Chew On It: Cool, Calm and Collected

I’ve experienced various confrontations and challenging situations over the past few decades, but I rarely find myself in confrontations now. I actively avoid them – or if I can’t, I get myself out of them as quickly as possible.

When I was younger, I was heavily involved in Australian Karate and unwisely became the secretary of the organisation. The martial arts world consists of interesting people with self-serving interests, which is at odds with what martial arts is supposed to represent. Conflicts were the norm and still are!

Unfortunately with the politics in the karate world, I was banned from competing for a year and was also later elected as head coach and then disposed, among many other confrontations. Like a young bull, I didn’t shy away from butting heads with others.

Closer to home, I was happy for about two of the sixteen years of my second marriage. It was tumultuous and I spent most of it trying to keep peace in the household. Hmm… maybe the problem was me!

As a result of these experiences, I’ve been happily single for many years now and I’ll never take up a position on any committee ever again. It’s part of my confrontation prevention strategy. Speaking of which… When I teach self-defence, the most important part of the lesson is prevention. You should always avoid putting yourself into difficult positions. In my adult life, I’ve only ever been in one physical altercation, and that was with a taxi driver in Rome. But that’s a story for another time.

If you do find yourself in a challenging situation, the most important thing is to have control over yourself. Of course, it’s difficult to have control if you let your emotions take over. I like to use the example of opening a door with a key: Normally, you would casually insert the key without a problem, but when you’re rushing, this simple act becomes not so simple.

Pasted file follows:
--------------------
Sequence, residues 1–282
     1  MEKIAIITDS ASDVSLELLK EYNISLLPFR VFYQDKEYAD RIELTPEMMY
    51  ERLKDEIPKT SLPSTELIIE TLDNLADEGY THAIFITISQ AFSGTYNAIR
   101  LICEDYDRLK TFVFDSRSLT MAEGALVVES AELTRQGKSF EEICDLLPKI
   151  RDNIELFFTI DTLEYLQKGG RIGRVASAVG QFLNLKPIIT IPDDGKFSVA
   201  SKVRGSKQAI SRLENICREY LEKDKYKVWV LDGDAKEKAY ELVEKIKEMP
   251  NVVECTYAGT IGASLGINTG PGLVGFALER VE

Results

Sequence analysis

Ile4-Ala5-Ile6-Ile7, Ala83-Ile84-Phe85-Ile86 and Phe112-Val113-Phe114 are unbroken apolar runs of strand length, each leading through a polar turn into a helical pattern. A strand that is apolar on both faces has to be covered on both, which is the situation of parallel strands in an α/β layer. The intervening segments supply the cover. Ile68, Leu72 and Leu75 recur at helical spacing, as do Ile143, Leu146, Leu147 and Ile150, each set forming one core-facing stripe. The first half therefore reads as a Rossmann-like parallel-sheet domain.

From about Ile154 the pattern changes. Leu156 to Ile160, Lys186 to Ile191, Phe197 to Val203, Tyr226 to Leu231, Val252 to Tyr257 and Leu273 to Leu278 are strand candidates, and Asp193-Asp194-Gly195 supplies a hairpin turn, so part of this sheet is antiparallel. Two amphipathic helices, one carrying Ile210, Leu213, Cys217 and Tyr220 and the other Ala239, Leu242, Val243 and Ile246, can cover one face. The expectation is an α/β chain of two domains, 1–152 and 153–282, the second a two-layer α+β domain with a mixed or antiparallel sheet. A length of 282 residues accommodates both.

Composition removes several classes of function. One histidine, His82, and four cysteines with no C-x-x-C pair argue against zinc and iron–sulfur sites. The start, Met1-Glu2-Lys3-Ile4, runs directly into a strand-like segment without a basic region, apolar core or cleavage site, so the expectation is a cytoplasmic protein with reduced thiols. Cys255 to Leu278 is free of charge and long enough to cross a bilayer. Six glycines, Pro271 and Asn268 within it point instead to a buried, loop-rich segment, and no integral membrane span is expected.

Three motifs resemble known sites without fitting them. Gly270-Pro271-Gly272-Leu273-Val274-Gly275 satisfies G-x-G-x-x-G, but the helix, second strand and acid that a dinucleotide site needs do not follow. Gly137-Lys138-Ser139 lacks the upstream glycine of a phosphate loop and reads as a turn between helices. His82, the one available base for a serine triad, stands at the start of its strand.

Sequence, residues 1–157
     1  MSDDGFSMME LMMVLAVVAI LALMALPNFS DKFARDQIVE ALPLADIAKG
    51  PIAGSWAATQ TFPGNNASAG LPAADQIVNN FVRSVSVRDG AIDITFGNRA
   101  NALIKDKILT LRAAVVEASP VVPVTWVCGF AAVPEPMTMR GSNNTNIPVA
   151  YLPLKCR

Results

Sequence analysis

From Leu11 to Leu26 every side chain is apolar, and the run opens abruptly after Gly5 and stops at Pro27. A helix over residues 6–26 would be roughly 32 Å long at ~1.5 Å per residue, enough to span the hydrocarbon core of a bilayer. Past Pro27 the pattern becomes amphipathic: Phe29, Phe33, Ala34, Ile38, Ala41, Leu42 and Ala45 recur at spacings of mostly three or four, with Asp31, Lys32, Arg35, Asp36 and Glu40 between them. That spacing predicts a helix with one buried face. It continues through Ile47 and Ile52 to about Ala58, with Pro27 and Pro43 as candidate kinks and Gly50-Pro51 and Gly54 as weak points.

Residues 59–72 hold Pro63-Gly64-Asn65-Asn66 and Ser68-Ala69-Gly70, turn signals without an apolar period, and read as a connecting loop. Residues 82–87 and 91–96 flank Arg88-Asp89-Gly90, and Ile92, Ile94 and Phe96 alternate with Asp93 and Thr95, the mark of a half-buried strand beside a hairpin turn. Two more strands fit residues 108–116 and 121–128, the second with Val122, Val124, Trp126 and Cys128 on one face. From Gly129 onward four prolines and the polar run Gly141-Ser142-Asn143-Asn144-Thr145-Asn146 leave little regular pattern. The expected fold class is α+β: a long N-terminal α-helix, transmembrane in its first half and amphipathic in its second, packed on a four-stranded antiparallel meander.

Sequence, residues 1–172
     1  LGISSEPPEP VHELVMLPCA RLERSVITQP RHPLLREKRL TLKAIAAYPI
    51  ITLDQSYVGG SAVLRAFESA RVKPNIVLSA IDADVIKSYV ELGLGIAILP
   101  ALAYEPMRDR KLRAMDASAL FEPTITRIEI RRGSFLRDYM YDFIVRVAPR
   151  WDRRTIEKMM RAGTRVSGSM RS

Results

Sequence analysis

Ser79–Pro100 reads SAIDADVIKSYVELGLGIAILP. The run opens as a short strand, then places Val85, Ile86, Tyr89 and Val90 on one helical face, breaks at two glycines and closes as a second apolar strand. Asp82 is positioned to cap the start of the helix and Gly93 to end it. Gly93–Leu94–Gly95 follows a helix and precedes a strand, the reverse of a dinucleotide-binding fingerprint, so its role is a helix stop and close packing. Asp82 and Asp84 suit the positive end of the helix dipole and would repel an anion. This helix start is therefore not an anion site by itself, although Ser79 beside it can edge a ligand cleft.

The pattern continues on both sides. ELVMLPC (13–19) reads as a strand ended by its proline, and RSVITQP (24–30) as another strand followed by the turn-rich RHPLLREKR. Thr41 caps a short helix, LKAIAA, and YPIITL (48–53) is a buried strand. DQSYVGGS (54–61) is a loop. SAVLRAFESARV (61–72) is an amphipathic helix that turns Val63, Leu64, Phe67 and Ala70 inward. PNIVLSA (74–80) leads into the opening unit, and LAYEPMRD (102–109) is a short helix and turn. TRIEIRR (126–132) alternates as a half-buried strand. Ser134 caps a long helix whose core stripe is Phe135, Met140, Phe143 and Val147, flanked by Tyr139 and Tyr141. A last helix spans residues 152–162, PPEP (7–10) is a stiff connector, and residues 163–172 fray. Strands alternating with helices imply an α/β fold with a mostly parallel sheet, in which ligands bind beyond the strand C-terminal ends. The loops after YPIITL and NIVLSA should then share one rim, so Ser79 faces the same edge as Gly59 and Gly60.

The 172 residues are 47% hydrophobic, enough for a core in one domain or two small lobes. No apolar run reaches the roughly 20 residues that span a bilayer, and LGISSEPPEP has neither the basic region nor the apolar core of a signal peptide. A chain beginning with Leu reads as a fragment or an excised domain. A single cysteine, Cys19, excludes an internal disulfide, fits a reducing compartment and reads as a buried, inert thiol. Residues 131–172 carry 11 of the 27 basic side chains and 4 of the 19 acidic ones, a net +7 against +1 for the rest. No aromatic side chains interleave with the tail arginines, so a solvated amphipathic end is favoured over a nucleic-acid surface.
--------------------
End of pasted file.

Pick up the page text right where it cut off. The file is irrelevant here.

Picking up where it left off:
The key to gaining control is to calm your mind by focusing on slow, steady and deep breaths. As you breathe out, relax your shoulders and repeat to yourself, “stay calm.” Calm your mind and your body will follow.

A calm mind will allow you to think far more clearly. If you let anger determine your actions, you’re almost guaranteed to make the situation worse. As the philosopher Seneca wisely states, “The greatest remedy for anger is delay” and “Anger, if not restrained, is frequently more hurtful to us than the injury that provokes it.”

At Elixr, I encourage discussion to find solutions to problems, while also understanding that no one is ever always right. One of the most common mistakes people make is to make assumptions with very few facts. We humans are skilled at making assumptions that get us into trouble. Instead, be open to, and respectful of, other opinions; you may find that you reach different conclusions when you have multiple perspectives to consider.

Ultimately, living life in harmony is far more appealing and enjoyable then being in a state of conflict. You can choose the kind of life you want to lead by taking responsibility for your actions and words. When you can’t control a situation, you can still control your response.

As a result of controlling my negative emotions and making wise decisions, I enjoy far more harmony in my life.

Here are three Cs to remember:

Cool your anger
Calm your mind when you face adversities
Collect your thoughts then respond wisely